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The dangers of the pre-ticked box

In an important ruling, John Lewis has been ordered to pay damages to Sky News producer Roddy Mansfield after sending him marketing emails without having obtained valid consent from him. This is the first time that an individual has been awarded damages by virtue of a breach of the legislation on direct marketing and reflects the general trend towards increased protection for individuals in respect of their personal information.

The facts

Mr Mansfield registered with the John Lewis website using his email address. The registration page included an opt-in box to allow users to consent, or otherwise, to email marketing from John Lewis. In common with many other organisations, John Lewis had decided to keep the opt-in box ticked and leave it up to customers to un-tick it should they not wish to receive marketing emails. Mr Mansfield did not un-tick this box and was unaware that consequently, he had been automatically opted-in to receive email marketing.

Mr Mansfield brought a claim against John Lewis for breach of the Privacy and Electronic Communications Regulations 2003 (PECR), seeking compensation on the basis that he had received unsolicited marketing emails to which he had not consented.

The decision

The court agreed with Mr Mansfield's argument that a failure to opt out does not automatically convert to consent and held that John Lewis had not obtained valid consent from Mr Mansfield to sending direct marketing.

John Lewis's alternative argument was that it had valid consent under the "soft opt-in" rule. The soft opt-in allows direct marketing without express consent where the individual's details have been obtained in the course of a sale, or negotiations for the sale, of a product or service and the marketing relates to similar products or services. The individual must also be given the chance to opt out at the point of data collection. Where these requirements are satisfied, a pre-ticked box will suffice, but the court decided that by simply signing up to and browsing a website, Mr Mansfield had not been "negotiating for a sale". Consequently John Lewis could not rely on this exception.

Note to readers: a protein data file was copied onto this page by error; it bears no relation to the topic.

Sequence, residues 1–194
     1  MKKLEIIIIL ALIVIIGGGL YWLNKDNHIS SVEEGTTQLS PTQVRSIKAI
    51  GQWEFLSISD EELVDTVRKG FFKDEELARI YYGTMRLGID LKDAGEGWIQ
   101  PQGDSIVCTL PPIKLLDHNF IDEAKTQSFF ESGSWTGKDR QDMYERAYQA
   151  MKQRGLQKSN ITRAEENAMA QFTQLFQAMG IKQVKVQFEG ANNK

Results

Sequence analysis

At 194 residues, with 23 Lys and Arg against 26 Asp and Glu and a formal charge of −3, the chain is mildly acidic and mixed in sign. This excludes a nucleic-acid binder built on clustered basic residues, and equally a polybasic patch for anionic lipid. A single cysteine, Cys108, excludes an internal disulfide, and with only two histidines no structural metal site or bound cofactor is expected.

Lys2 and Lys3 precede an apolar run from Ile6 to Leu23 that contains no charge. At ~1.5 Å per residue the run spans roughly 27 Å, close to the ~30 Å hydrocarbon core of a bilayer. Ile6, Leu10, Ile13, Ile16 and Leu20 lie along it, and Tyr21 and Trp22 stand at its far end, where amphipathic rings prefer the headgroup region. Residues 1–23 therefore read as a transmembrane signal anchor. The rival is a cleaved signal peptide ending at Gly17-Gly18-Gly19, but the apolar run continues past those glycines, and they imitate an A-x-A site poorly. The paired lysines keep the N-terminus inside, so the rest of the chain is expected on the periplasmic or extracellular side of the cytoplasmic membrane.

The implications

This decision is an important one that is likely to open the floodgates for numerous claims by individuals who are unaware that they have opted in to receiving direct marketing. Unless organisations can prove that they have obtained valid consent, they risk having to pay compensation and suffer the related reputational damage as a result of adverse publicity.

It is therefore recommended that organisations review their marketing consent processes and amend all pre-ticked boxes so that they remain un-ticked. In relation to historic data, organisations are unlikely to be able to rely on pre-ticked boxes as a valid consent unless another positive action was also taken by the individual to signify consent at the point of data collection, although mere continuation of browsing on a website is unlikely to suffice.

Organisations should also take note of the fact that they are unlikely to be able to rely on the soft opt-in where a customer has simply signed up to the website to browse the products or services, and has not in fact taken any steps towards buying anything. This could make the practicalities of using the soft opt-in more difficult as businesses will need to be able to differentiate between those customers on its database who have actually bought a product or negotiated to buy a product (for example by adding it to their basket) and those customers who simply signed up to have a look around. If this cannot be done, the safest (though perhaps not the most commercially viable) option may well be not to rely on the soft opt-in at all and obtain express consent from all customers.

This publication is intended for general guidance and represents our understanding of the relevant law and practice as at June 2014. Specific advice should be sought for specific cases; we cannot be held responsible for any action (or decision not to take action) made in reliance upon the content of this publication.

TLT LLP is a limited liability partnership registered in England & Wales number OC 308658 whose registered office is at One Redcliff Street, Bristol BS1 6TP England. A list of members (all of whom are solicitors or lawyers) can be inspected by visiting the People section of this website. TLT LLP is authorised and regulated by the Solicitors Regulation Authority under number 406297.

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